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Humboldt University, Berlin

The conference was expertly organised by the home team, with the programme encompassing an impressive 33 papers over two and a bit days without requiring parallel sessions. One of the best things about POCA is the opportunity to hear about such a wide range of research, with constant shifts in scale from the interconnected Mediterranean to ‘micro-regionalism’ and individual sites.

I enjoyed the opportunity to present some figurines from the Leeds Museums collection, and explore the opportunities afforded by their role as museum objects. It’s a good moment for Cypriot coroplastic studies – they feature strongly in a fantastic new volume on Hellenistic and Roman terracottas edited by Giorgos Papantoniou, Demetrios Michaelides and Maria Dikomitou-Eliadou. It was published just too late to read in advance of the conference, but is proving endlessly helpful as I revise my paper afterwards.

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Standing figure with raised arms, Cypro-Geometric II-III
© Leeds Museums and Galleries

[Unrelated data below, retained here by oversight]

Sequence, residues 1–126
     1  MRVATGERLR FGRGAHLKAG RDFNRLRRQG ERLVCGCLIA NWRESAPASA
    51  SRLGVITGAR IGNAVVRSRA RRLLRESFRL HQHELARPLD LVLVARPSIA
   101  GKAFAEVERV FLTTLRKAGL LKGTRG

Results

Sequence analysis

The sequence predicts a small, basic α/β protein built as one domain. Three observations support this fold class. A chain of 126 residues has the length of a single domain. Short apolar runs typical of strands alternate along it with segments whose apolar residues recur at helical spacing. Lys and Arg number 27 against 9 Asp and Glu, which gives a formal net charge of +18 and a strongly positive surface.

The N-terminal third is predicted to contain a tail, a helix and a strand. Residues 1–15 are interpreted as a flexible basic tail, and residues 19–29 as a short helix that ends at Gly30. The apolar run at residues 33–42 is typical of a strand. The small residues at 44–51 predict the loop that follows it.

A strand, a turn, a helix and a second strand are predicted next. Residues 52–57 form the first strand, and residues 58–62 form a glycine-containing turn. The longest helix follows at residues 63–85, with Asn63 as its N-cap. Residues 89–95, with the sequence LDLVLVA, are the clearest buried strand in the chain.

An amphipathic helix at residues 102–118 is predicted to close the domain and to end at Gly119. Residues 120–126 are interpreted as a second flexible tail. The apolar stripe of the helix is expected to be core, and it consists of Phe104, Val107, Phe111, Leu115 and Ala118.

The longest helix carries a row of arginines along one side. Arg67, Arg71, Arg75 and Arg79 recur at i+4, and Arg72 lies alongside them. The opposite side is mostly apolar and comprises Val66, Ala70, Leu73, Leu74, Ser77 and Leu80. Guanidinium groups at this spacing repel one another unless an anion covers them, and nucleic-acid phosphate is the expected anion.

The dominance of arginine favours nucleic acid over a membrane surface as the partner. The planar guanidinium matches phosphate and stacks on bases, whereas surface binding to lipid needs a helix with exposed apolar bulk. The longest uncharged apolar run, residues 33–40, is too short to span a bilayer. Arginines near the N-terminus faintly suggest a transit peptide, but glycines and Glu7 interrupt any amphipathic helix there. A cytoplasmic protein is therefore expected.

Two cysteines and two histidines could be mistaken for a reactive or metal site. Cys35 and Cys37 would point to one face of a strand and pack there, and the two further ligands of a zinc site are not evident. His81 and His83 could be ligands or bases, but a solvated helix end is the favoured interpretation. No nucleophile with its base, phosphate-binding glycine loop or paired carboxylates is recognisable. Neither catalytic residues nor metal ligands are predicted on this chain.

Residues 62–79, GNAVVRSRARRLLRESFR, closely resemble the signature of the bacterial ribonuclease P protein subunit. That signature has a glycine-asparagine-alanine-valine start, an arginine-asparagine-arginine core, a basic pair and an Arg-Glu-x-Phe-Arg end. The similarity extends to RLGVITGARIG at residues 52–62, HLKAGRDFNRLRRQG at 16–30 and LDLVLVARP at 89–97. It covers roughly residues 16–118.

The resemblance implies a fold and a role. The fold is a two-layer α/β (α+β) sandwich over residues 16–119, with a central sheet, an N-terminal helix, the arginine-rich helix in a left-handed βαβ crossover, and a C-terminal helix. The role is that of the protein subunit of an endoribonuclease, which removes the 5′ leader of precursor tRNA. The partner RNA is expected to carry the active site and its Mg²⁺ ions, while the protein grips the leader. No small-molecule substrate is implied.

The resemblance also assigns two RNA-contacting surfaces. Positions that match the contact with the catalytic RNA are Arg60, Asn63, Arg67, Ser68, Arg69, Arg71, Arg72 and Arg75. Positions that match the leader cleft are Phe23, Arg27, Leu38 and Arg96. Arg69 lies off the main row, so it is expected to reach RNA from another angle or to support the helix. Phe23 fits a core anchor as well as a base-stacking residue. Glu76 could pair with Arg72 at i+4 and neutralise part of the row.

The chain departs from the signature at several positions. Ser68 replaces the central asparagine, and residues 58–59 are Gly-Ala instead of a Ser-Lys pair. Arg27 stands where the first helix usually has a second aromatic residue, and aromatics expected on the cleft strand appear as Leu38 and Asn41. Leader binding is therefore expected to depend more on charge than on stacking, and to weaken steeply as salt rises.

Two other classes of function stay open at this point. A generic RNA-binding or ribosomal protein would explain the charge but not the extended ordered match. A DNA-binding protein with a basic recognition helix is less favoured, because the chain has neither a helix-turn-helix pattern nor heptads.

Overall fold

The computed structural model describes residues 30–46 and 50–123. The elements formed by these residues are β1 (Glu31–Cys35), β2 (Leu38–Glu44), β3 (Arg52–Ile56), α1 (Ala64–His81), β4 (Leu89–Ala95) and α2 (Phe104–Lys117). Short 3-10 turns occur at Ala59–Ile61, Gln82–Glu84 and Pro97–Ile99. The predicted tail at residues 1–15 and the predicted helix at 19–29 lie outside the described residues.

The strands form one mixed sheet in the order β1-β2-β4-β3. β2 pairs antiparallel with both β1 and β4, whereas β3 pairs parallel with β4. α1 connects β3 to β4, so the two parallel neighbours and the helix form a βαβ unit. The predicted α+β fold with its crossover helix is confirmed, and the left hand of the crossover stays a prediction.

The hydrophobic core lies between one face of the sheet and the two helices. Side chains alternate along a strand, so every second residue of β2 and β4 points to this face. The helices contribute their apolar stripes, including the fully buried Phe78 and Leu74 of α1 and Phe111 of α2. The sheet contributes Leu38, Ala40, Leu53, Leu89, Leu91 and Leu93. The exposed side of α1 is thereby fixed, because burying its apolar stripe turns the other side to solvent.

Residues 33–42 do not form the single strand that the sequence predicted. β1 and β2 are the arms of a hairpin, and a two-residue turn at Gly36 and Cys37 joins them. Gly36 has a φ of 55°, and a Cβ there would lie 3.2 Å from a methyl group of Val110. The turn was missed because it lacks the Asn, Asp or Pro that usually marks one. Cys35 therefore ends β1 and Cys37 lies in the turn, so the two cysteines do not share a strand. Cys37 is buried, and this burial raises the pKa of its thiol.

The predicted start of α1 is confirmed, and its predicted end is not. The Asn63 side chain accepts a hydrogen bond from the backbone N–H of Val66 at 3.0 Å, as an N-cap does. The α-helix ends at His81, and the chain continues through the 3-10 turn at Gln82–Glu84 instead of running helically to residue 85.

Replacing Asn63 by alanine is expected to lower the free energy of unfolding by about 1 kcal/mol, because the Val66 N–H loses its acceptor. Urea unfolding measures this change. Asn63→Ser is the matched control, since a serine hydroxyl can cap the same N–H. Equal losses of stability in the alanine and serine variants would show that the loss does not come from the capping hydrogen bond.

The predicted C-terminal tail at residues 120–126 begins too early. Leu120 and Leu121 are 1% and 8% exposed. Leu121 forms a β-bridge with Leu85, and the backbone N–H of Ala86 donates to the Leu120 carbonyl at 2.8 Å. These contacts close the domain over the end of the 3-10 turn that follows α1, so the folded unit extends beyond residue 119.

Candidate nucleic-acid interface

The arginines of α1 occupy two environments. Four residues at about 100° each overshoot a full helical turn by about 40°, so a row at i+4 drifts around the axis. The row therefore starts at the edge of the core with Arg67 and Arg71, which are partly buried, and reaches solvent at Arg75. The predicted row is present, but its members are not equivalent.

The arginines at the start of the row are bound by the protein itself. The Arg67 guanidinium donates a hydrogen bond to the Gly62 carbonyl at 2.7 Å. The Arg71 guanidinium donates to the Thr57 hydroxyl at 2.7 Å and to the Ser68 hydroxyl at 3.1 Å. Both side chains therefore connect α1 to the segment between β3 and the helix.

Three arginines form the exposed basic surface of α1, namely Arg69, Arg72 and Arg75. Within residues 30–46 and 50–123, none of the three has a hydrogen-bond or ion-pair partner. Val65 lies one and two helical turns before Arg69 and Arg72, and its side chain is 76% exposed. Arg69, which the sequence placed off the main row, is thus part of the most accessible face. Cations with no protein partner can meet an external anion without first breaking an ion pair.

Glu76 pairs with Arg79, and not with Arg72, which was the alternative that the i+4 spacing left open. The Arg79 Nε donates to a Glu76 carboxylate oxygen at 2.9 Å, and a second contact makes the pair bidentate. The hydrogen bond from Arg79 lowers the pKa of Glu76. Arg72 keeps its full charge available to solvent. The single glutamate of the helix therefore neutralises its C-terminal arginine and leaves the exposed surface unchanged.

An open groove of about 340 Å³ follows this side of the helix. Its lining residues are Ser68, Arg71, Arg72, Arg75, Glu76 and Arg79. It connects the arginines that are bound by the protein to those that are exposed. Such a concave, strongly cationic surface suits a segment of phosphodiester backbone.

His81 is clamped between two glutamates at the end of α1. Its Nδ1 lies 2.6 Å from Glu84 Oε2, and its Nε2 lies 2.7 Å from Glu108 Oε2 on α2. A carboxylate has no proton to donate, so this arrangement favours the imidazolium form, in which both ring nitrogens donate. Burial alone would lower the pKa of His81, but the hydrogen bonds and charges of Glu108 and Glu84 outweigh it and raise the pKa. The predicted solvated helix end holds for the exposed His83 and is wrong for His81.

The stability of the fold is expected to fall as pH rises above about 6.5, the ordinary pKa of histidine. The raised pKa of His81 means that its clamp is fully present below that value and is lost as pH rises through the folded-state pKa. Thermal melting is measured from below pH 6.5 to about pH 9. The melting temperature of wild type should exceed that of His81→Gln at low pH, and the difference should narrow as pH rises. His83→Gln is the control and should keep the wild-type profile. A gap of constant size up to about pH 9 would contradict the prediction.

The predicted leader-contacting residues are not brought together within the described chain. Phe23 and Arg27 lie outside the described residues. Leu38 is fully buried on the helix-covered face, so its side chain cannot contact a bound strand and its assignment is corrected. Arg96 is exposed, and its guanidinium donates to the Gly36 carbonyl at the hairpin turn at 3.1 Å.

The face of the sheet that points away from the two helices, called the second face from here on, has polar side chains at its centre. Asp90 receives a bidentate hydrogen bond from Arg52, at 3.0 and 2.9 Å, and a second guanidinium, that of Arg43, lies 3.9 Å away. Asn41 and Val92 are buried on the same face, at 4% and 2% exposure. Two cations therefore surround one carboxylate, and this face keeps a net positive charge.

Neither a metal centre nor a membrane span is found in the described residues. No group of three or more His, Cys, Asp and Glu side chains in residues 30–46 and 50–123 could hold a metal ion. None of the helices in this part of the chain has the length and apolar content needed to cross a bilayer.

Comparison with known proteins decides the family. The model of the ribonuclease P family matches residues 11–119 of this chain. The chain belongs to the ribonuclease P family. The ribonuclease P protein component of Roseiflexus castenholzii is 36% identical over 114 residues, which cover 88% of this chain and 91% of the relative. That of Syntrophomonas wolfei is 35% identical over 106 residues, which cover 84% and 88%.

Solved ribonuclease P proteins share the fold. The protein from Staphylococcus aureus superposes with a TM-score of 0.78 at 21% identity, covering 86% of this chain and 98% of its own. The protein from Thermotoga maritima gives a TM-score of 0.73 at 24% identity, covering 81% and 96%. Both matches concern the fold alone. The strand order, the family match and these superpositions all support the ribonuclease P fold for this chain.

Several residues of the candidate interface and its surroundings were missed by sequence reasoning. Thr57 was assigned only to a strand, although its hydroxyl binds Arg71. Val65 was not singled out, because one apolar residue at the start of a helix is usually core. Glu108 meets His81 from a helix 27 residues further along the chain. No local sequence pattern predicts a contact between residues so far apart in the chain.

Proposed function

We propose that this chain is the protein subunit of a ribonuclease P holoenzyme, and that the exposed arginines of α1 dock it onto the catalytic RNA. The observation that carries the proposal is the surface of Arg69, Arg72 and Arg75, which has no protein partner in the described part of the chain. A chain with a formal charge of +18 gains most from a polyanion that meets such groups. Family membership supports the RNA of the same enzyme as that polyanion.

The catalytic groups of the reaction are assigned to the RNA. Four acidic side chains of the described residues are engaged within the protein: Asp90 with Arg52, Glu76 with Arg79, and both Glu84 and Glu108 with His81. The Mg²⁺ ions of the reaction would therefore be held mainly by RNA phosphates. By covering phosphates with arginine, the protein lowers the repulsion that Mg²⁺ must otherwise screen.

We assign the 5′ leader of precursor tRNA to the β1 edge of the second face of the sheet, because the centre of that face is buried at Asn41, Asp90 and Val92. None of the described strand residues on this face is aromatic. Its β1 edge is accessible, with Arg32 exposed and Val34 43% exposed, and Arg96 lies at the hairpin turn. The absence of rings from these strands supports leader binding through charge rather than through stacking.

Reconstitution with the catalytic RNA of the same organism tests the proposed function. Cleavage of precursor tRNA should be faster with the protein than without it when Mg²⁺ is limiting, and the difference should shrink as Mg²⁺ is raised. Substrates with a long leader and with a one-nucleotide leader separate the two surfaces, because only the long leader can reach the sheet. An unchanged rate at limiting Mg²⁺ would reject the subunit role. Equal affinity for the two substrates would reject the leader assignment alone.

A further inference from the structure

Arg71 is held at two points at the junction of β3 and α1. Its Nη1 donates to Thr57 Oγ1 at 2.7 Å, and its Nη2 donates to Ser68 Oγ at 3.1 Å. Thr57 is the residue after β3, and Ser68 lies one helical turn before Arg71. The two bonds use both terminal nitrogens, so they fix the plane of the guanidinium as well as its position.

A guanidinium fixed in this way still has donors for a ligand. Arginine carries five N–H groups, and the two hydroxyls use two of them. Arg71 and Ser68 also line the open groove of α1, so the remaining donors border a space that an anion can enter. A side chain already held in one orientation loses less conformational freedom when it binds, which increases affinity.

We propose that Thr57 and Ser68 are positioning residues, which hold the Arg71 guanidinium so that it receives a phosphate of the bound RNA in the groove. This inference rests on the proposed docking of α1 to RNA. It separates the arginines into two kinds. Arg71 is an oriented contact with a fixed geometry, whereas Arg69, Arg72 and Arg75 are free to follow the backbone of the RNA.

Despite the packed programme I managed to find time for a quick trip to the Neues Museum to see the ancient Cypriot collection. The Berlin Museumsinsel is being redeveloped at the moment, and various parts are closed; the plans look exciting and I’m looking forward to going back when it’s all completed. In the meantime, the Neues Museum is very much open, and the Cypriot collection did not disappoint. Last time I visited – over five years ago – various cases were being redesigned, but this time much more was on display, including some fabulous votives, and more of my favourite jugs with a figurine on the neck.

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Centaurs and riders, C7th-C6th BC © Neues Museum, Berlin

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Musicians, C6th BC © Neues Museum, Berlin

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Jugs with a figurine opposite the handle. Cypro-Archaic II – Cypro-Classical periods.
© Neues Museum, Berlin

POCA was a wonderfully intensive and inspiring experience, and I’m really glad I had the opportunity to go, thanks to WRoCAH. There are rumours that POCA 2020 will be in Cyprus – something to look forward to!